If you heard vibrations or harshness in the sound, have the first person repeat the A constantly, taking a breath when necessary. The person trying to get in tune with them needs to begin again, and slowly roll your flute in towards your chin (or drop your jaw).
What happens? The resulting sound should change. If you heard vibrations, their speed should change. If you only heard a harsh sound at the beginning, you may have heard vibrations begin, or some of the harshness fade.
If you heard vibrations on your original pitch, and they went faster as you rolled in, then you began flat, and are going flatter by rolling in. You will need to push your headjoint IN, and then repeat the exercise. If they went slower or disappeared, then you began sharp, and brought the pitch down (closer to being in tune). You will need to pull your headjoint OUT before repeating the exercise.
If you heard only harshness on your original pitch, it likely means that you were WAY out of tune, and may need to make big adjustments. If you began that way, and started to hear vibrations as you rolled in, you are most likely sharp and need to pull your headjoint OUT before repeating the exercise. If the harshness get less noticeable, but you can tell that pitches still don't quite sound right, you are likely extremely flat, and that making your pitch flatter is almost turning it into a different note. Push your headjoint IN and try again.
Once you get everyone in your group in tune with the first person, test out all of your pitches against the tuner, to see how close you all came. Be sure to do this experiment enough times so that everyone gets a chance to practice tuning by ear, and not just tuning with the tuner.

Now, it's time to move on to the second exercise:
Exercise #2: Have two in-tune musicians play the same note, designating one person as the “holding pitch” and one person as the “changing pitch”. While you are both holding out your pitch, the “changing pitch” player should slowly make his or her pitch drop (as we explained in the first exercise), and then bring the note back up in tune before breathing.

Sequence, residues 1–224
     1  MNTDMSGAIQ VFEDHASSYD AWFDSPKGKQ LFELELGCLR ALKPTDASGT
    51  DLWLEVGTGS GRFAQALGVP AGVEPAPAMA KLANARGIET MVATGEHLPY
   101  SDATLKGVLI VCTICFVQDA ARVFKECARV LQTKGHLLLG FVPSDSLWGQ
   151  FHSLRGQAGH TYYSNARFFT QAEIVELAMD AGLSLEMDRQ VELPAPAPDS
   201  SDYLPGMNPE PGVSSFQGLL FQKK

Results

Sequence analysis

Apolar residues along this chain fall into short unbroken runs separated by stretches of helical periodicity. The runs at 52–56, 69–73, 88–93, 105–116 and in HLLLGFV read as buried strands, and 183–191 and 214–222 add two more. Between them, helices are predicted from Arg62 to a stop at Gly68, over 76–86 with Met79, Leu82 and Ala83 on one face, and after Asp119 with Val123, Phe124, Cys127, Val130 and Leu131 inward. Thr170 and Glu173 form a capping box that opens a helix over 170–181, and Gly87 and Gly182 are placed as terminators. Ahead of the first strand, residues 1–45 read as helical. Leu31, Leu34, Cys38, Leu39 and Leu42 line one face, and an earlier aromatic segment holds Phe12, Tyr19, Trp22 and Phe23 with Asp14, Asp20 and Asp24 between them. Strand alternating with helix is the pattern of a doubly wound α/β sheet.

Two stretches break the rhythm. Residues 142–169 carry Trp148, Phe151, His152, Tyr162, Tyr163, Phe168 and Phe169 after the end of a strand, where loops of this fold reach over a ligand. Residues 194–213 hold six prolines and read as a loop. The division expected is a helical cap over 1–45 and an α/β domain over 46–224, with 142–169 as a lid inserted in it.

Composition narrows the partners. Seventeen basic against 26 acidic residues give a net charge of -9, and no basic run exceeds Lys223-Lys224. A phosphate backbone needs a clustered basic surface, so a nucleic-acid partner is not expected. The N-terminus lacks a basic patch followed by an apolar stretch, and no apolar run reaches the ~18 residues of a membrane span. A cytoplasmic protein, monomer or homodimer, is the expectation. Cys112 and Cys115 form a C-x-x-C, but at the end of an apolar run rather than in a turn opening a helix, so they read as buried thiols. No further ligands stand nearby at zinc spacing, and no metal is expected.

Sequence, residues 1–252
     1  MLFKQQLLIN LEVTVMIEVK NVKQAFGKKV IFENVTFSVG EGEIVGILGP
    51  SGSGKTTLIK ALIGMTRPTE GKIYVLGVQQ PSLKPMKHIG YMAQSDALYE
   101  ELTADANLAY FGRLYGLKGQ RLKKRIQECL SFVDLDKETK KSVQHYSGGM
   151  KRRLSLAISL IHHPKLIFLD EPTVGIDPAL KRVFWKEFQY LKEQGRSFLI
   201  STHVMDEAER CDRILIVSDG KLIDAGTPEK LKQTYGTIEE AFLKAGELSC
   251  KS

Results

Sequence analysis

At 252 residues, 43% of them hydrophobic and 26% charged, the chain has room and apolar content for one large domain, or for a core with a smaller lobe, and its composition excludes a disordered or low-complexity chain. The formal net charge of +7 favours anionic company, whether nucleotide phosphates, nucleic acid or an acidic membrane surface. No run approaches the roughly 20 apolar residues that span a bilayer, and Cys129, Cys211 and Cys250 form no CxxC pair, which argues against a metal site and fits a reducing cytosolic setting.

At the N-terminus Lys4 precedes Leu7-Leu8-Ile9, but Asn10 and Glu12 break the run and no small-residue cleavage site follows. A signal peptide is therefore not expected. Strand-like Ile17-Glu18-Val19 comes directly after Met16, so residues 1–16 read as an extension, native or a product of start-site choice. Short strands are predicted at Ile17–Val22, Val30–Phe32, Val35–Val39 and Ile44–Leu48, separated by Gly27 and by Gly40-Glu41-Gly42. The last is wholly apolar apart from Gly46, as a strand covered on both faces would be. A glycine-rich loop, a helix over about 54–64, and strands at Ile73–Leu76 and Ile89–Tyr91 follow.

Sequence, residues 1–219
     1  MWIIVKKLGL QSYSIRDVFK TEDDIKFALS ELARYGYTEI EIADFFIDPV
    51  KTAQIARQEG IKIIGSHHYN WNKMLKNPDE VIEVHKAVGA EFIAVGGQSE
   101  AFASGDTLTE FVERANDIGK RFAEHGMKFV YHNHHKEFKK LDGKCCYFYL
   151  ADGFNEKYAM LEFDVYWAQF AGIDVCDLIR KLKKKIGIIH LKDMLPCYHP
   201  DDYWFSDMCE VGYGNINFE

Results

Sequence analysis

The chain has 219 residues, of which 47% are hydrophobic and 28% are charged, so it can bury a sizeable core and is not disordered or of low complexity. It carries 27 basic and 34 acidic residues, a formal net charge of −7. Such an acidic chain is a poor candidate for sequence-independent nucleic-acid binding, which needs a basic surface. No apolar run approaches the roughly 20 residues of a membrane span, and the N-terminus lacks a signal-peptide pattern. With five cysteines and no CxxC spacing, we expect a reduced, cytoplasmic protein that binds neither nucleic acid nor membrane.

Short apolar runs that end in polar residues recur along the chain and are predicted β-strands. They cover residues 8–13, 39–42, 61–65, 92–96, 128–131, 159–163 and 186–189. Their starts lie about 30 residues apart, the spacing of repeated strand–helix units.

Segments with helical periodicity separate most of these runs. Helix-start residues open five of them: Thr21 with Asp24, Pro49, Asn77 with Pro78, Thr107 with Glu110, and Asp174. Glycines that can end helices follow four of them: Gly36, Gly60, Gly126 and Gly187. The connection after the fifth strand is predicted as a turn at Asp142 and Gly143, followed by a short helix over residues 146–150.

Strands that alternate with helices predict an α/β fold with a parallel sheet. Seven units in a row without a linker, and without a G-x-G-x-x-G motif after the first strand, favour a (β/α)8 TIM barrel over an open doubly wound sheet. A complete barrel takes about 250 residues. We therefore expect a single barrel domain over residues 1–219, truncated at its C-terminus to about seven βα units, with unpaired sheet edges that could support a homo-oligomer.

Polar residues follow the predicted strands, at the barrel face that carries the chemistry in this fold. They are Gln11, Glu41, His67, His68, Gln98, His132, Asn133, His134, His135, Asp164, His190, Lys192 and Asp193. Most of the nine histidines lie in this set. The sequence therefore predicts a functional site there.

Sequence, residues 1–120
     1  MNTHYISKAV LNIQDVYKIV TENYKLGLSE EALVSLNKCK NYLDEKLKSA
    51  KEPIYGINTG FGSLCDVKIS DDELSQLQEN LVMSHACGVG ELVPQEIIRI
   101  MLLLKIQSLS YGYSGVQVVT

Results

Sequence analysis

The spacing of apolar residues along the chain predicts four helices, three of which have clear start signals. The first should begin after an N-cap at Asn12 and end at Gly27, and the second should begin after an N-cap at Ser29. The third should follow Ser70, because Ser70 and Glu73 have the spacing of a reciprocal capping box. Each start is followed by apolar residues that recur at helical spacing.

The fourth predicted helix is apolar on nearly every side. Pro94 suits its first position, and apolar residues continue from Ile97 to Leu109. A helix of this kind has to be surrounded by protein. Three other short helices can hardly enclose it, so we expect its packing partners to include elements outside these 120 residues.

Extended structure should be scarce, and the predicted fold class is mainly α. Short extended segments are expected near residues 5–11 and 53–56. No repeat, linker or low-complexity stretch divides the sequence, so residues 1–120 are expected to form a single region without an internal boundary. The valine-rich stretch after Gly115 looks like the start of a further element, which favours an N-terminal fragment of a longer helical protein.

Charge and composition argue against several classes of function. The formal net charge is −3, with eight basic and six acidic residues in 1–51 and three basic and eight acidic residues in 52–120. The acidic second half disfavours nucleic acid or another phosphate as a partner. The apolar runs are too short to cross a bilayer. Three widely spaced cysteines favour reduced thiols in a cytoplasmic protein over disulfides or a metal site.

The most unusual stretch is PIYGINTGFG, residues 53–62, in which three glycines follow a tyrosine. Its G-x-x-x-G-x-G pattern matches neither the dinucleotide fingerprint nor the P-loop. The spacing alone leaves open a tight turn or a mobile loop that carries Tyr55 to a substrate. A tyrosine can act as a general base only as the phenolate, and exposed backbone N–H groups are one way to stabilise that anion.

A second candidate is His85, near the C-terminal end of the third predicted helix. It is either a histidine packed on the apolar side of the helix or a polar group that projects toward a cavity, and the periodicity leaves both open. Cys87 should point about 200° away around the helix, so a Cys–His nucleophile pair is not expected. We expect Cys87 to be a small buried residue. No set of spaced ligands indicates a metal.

Now, something that is more difficult is leaning to make your pitch rise. Both of you play again, while the “pitch changer” slowly makes their note go sharp by blowing more across their flute (or rolling their instrument out). Then slowly bring it back down in tune before you breathe.
The final part of this exercise is to do an entire “flatten and sharpen” exercise before needing to breathe. Over about a 10-second time frame, have the “pitch changer” begin in tune for a second or two, then drop your pitch, then make it go up and past the in-tune spot, then back down in tune, holding the in-tune pitch for a couple of seconds.
Now, rotate positions so that everyone in your group gets the chance to be the “pitch changer”.

When you get used to hearing the differences between your pitch and a tuning pitch, you can use Exercise #2 above, to help make sure that you are in tune with any instrument. Sometimes the “out-of-tune vibrations” are easier to hear than an in-tune sonority (especially while tuning in a large group). Instead of making your sound louder, so that you can hear yourself, modulate your tone sharper and flatter (as you did above), so that you can focus in on the vibrations coming and going when you force yourself sharp or flat. The quiet spot in between will be the place where you are in tune.